As a sun-swept country, India should have been a pioneer in the use of solar power with a photovoltaic panel on every roof. Good policy can help make up for lost time.
Solar is the most secure of all energy sources, since it is abundantly available in India. With crippling electricity shortages, the price of electricity traded internally touched Rs. 7 a unit for base loads and Rs. 8.50 during peak periods.
The 12th Plan envisages 29,800 megawatts (MW) in capacity addition through renewable sources. The Jawaharlal Nehru National Solar Mission, launched in 2010, anticipates that grid parity will be achieved by 2022 and parity with coal-based thermal power by 2030.
The domestic manufacturers of solar equipment are livid at the government’s failure to protect the interests of the solar industry from cheap imports, despite policy guidelines providing for such measures.
According to V. Saibaba, CEO, Lanco Solar, the lack of access to energy is a key challenge in India’s growth story, with approximately 400 million people having no access to electricity and another 400 million having limited access. Solar energy, with its inherent applicability of being modular and environment friendly, can help in transforming the lives of millions.
However, Mr. Saibaba underscores the need for serious intervention from various regulatory agencies (government, quasi-government and non-government) to alter market behaviour by removing specific barriers and introducing measures to make quality solar appliances affordable and viable.
Another hurdle faced by solar power developers is the lack of financing for companies, and difficulties in priority sector lending for household solar appliances, despite approval from the Reserve Bank of India.
“Compulsory solar installation must be mandated in new buildings without which water and electricity connections should not be given; The States should offer additional subsidy as in Kerala, Tamil Nadu and Chhattisgarh for widespread adoption by all income groups,” he adds.
Tata Solar Power, a leading player in the solar market, feels solar energy should be treated as a key solution to boosting economic growth and not just as an alternative energy source. “Look at solar as a sunrise industry and not just as a part of the larger power industry. Actively promote solar energy as a viable alternative in urban India and not just as a solution to power-deprived rural or remote regions,” says its CEO Ajay K. Goel.
The government must protect and nurture the industry, including the domestic solar manufacturing sector. It will ensure the country is not dependent on imports. “The government has taken some steps to achieve this, but the steps have been either poorly executed or have loopholes,” Mr. Goel adds.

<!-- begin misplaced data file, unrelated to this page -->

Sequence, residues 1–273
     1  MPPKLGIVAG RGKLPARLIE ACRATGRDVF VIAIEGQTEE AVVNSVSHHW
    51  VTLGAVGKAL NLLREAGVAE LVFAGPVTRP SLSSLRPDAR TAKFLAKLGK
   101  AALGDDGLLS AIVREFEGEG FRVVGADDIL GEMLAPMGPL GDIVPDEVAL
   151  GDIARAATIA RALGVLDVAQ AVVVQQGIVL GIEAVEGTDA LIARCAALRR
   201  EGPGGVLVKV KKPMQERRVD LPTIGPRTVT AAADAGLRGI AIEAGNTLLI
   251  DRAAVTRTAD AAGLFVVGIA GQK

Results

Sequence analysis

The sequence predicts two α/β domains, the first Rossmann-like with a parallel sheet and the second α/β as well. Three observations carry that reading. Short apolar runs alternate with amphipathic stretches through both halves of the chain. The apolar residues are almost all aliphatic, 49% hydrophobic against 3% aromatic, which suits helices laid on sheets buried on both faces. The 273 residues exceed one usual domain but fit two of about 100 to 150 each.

The Ministry of New and Renewable Energy (MNRE), which is responsible for administering the Jawaharlal Nehru National Solar Mission, did mandate in Phase-I of the Mission a domestic content requirement for both cells and modules; but it was applicable only for crystalline PV technology and not thin film. However, more than 75 per cent of the projects used imported thin-film technology. In contrast, thin-films account for less than 15 per cent of the total solar installations worldwide. While thin-films have their specific application, in India the choice was made not for technological, but financial, reasons.
“The lack of clarity is evident in Phase-II too; the government stated that a percentage of the overall power projects worth 750 MW to be tendered for competitive bidding under the Viability Gap Funding Scheme would be reserved for projects with domestic content norms, while the rest of the projects would be free to procure components from any country. What was not specified is the quantum of reservation for domestic content and any exception as in Phase-I. This ambiguity and lack of commitment to protect the domestic solar industry will have an immediate and far-reaching impact on its sustainability,” Mr. Goel remarks.
Even in the States, several governments are promoting solar energy. While Gujarat and Rajasthan are at the forefront, other States too are moving. Together, Gujarat and Rajasthan have a capacity of more than 1,110 MW.
Solar manufacturers are of the view that solutions should be implemented at two levels: through comprehensive domestic content requirement and anti-dumping and/or countervailing duties.
Similarly, support should be extended by way of incentives and subsidies to help them compete in global markets and earn valuable foreign exchange. This model is followed by several countries, including the U.S. and China, to promote their domestic players globally.
Gyanesh Chaoudhary of Kolkata-based Vikram Solar says wind power is a different ballgame. India does not have good wind potential, except in some coastal areas. Solar is a more proven technology, and given that India has long sunshine hours throughout the year, the productivity of such plants is higher.